President Abdelaziz Bouteflika of Algeria has dismissed two army generals to tighten his grip on power ahead of him possibly seeking re-election next year and to diminish the power of the military, analysts
and diplomats said.
Two weeks ago, Bouteflika, 81, sacked two more generals, bringing the number of dismissed top military figures to about a dozen in the last few months alone.
Political sources told Reuters that the firings point to an accelerating security reform launched several years ago to transform Algeria’s politically oriented military into a more professional body.
Easing the grip of an army dominating the OPEC oil producer since the 1954-1962 independence war with France will take time.
But the first results can been seen — dismissals that once caused tremors in the secretive North African country now seem routine.
“Generals used to sack, not to be sacked,” said one retired intelligence officer, asking like others not to get named due to the sensitivity of the issue.
“Decisions used to be taken at Tagarins, now they are taken at Zeralda,” he added.
Tagarins is the location of the defense ministry in central Algiers, while Bouteflika works in the coastal village of Zeralda, 20 km west of the capital.
When Bouteflika was first elected in 1999, the army and the intelligence services were seen as the real holders of power.
Now, amid speculation that he will bow to calls from the ruling party to run for a possible fifth term in presidential elections in 2019 despite health concerns, Mr Bouteflika has been concentrating power in his inner non-military circle.
Key players are now his youngest brother Said Bouteflika, Prime Minister Ahmed Ouyahia and Interior Minister Nouredine Bedoui.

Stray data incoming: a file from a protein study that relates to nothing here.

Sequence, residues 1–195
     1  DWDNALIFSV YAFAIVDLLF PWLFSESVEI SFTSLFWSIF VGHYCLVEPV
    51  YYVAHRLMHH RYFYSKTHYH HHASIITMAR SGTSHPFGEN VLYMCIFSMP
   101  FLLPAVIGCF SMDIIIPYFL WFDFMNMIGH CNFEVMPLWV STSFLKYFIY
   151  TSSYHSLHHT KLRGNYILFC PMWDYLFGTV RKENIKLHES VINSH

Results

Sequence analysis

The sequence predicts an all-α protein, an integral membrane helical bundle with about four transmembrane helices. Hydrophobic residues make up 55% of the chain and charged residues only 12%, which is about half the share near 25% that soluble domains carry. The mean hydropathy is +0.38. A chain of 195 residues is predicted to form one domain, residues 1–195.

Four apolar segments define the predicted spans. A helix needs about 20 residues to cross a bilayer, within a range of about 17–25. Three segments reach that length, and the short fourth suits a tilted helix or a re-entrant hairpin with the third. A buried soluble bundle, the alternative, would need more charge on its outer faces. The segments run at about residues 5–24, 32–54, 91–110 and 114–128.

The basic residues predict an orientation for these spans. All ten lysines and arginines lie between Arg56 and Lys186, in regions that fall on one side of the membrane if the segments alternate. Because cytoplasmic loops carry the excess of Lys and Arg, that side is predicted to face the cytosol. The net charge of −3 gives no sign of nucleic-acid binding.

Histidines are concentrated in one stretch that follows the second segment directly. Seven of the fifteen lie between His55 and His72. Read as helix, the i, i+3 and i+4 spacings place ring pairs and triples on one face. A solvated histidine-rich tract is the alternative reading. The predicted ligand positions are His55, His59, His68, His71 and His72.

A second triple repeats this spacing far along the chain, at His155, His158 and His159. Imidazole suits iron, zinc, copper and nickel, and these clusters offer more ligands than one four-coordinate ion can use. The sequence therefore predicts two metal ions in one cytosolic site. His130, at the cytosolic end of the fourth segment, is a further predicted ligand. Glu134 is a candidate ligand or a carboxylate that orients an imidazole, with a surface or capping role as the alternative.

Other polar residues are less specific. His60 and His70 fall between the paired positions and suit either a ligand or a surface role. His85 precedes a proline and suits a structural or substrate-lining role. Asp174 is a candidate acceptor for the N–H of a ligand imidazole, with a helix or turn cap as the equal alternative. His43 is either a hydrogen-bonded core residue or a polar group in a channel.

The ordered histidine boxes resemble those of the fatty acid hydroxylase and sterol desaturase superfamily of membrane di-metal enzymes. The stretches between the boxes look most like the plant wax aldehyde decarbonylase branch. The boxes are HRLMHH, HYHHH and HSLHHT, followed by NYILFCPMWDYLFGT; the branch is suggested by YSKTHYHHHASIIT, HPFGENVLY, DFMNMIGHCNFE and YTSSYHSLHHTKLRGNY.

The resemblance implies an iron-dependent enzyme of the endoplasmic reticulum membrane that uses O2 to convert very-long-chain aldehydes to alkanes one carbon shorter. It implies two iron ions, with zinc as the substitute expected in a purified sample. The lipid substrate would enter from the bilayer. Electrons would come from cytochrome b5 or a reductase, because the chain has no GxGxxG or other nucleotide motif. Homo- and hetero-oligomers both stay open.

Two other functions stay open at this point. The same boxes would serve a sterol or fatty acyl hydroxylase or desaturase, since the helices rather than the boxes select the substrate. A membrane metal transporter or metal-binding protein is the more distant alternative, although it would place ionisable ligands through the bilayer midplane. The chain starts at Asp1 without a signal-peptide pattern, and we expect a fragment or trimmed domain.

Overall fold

The recent sackings include four regional commanders, the head of military intelligence and several generals at the defense ministry, as well as police chief and army officer Abdelghani Hamel.
Before this year’s cull, Mr Bouteflika had already sacked in 2015 the top intelligence chief, Mohamed Mediene, and tens of senior generals in the intelligence services.
He also replaced the main intelligence agency DRS with a new body called CSS led by a retired general, Athmane Tartag — it reports to the presidency, not to the military like before.
“It is a long process, the goal is to make the military more professional, and away from politics,” said Arslan Chikhaoui, chairman of a consultancy firm.
Changes in Algeria are closely watched as the country is a key ally in the Western fight against jihadism in the region and a top energy supplier to Europe.
If the shift away from the army continues, this might help investors tired of visa or project applications becoming stuck in a bureaucracy dominated by military and security figures suspicious of foreigners.
“That will be welcome news for foreign direct investors who will see the step as further normalization of the decision making process within the government,” said Geoff Porter, head of North Africa Risk Consulting.
Algeria wants to drum up more investment for its oil and gas sector to end years of stalling output.
Bouteflika hired in March 2017 a U.S.-trained new CEO to revamp state firm Sonatrach who has been rebuilding ties with oil majors who had lost interest in Algeria due to red tape, disputes and tough terms.
The biggest risk remains the health of Bouteflika who has rarely been seen in public since a stroke in 2013 confined him to a wheel chair.
A reminder of this was his trip last week to Switzerland to conduct what the presidency described as routine tests.
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